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David Allen Green

My name is David Allen Green, and I am a lawyer and writer living in London.

This is my personal blog. It is named after a medieval folklore hero – a wizard that bested the devil. The blog became well-known for its detailed and accessible coverage of the libel case brought against Simon Singh by the British Chiropractic Association, 2008-10.

However, this blog covers many other legal and policy areas, usually from a liberal and critical perspective. It is not a party-political or partisan blog.

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Hopi Sen

My name is Hopi Sen. Really.

Escaping a lucrative career in advertising (which ended when I saw a lifetime of Daz adverts stretching before me and resigned in panic) I started work for the Labour party as the Northern region press officer in 2000. After the 2001 election I moved to Party HQ, before becoming the head of campaigns at the Parliamentary Labour Party. I had various stints on by-elections and General Elections- like working as a press officer to the Leader of the party during the 2005 campaign, a job that mostly involved feeding journalists chocolate and offending Quentin Letts.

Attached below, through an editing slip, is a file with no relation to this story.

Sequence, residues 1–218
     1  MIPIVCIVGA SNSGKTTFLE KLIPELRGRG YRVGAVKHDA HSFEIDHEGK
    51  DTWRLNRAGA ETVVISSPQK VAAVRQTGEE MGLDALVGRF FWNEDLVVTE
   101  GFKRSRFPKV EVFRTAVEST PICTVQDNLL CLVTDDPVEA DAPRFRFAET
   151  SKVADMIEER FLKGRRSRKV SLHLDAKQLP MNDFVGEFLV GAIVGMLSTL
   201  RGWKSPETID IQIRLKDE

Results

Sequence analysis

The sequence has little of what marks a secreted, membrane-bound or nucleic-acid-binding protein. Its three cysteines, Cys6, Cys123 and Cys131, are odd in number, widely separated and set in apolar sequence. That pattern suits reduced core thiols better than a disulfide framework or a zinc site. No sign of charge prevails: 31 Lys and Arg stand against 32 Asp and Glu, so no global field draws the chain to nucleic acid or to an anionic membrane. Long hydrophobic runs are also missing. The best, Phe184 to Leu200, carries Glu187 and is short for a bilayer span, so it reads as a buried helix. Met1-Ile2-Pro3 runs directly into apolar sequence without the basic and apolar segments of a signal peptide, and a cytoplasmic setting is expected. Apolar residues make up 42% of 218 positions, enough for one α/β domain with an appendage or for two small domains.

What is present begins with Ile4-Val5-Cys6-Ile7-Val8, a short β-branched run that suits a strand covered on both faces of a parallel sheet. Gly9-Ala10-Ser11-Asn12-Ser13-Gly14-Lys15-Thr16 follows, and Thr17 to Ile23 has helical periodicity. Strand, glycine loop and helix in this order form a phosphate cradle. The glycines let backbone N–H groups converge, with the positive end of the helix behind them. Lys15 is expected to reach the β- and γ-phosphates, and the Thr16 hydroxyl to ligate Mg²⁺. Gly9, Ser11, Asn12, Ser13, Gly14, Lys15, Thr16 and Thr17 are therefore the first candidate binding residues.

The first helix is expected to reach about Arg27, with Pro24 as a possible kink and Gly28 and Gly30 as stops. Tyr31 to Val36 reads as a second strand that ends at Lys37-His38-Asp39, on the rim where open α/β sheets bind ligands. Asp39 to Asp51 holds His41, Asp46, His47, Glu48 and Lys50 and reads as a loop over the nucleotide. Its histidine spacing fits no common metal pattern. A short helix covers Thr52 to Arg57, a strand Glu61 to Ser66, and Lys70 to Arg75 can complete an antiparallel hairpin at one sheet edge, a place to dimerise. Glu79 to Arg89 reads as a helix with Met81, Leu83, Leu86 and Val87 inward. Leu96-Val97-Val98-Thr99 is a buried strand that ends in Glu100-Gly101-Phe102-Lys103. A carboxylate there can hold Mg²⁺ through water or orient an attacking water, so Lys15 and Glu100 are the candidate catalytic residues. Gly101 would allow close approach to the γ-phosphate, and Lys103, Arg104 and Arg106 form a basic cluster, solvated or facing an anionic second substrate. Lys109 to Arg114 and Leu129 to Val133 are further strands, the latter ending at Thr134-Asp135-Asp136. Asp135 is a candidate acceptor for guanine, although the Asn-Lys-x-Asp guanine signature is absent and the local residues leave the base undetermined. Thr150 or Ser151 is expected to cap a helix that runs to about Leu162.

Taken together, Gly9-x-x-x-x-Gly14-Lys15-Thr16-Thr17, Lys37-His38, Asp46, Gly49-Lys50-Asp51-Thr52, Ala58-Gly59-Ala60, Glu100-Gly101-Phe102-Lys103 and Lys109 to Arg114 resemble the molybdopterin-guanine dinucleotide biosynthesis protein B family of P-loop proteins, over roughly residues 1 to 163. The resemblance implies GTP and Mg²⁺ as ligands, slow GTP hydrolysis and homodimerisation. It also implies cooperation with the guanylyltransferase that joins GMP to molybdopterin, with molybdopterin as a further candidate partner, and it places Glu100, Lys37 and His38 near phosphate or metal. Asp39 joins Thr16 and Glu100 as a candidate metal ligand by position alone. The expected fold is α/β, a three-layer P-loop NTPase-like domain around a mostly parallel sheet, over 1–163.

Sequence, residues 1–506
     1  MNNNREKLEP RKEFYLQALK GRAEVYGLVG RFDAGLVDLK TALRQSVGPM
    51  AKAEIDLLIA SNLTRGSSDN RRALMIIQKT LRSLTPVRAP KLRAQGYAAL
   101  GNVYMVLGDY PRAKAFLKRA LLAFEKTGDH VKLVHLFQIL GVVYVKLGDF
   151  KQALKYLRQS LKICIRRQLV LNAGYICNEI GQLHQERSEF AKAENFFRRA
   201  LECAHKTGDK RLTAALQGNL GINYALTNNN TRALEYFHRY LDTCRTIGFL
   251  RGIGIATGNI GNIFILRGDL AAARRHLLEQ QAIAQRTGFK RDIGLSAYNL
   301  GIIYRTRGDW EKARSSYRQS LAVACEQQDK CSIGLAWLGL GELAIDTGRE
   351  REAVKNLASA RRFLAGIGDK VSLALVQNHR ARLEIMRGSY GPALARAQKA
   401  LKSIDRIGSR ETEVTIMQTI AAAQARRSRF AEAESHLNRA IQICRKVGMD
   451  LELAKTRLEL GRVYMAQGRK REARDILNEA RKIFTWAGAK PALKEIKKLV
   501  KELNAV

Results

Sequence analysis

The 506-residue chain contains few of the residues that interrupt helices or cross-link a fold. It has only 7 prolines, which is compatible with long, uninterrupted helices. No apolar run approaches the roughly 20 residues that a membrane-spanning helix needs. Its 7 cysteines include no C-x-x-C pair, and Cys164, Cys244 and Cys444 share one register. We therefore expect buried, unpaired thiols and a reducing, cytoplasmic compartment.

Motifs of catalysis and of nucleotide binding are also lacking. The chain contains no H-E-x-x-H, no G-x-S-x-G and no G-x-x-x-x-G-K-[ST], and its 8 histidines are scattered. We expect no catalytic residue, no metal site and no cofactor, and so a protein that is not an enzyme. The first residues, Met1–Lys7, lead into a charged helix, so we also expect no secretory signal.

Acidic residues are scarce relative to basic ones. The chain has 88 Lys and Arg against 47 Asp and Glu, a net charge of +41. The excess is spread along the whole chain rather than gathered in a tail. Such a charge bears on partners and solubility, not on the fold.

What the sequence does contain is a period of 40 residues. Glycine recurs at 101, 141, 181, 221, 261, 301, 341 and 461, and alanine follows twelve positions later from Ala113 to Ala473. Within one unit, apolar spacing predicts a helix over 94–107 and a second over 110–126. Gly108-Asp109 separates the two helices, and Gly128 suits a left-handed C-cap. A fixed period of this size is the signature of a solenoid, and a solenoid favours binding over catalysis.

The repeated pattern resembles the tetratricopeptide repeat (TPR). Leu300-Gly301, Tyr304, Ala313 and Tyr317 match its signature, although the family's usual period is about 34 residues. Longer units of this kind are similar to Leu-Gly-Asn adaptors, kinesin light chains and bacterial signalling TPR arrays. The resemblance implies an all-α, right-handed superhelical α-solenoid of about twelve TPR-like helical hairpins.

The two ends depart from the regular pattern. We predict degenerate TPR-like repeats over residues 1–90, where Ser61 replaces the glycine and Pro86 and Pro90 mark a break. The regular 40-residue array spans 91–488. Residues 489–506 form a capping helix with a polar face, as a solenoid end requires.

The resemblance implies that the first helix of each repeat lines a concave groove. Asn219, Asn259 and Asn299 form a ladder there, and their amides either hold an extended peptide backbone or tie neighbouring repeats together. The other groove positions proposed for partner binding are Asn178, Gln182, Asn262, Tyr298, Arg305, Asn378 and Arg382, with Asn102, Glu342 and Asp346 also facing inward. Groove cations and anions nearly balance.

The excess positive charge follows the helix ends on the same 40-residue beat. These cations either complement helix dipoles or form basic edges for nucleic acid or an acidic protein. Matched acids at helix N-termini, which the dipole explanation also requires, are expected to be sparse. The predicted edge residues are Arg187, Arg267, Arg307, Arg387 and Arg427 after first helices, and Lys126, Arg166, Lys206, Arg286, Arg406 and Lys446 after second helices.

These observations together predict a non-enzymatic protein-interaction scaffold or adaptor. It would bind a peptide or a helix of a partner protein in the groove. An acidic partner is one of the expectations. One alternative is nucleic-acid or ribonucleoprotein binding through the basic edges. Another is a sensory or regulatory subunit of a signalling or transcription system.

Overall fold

For six years I was one of those people who are occasionally glimpsed in the background of a photo-op, looking stressed in a cheap suit and in all likelihood sweating profusely. We’re a noble and maligned breed. Now I’ve escaped.

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  • Hopi Sen
  • Hopi Sen, Jo Glanville and Maajid Nawaz, ‘1984: Thoughtcrime’, Orwell Festival 2009

David Reynolds

David Reynolds was shortlisted for a series of pieces on America, Empire of Liberty on BBC Radio 4 and BBC News Online. The Professor of International History at Cambridge University and a Fellow of Christ’s College, he is a regular visitor to the United States and has held visiting university appointments at Harvard, Nebraska and Oklahoma.

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Hamish McRae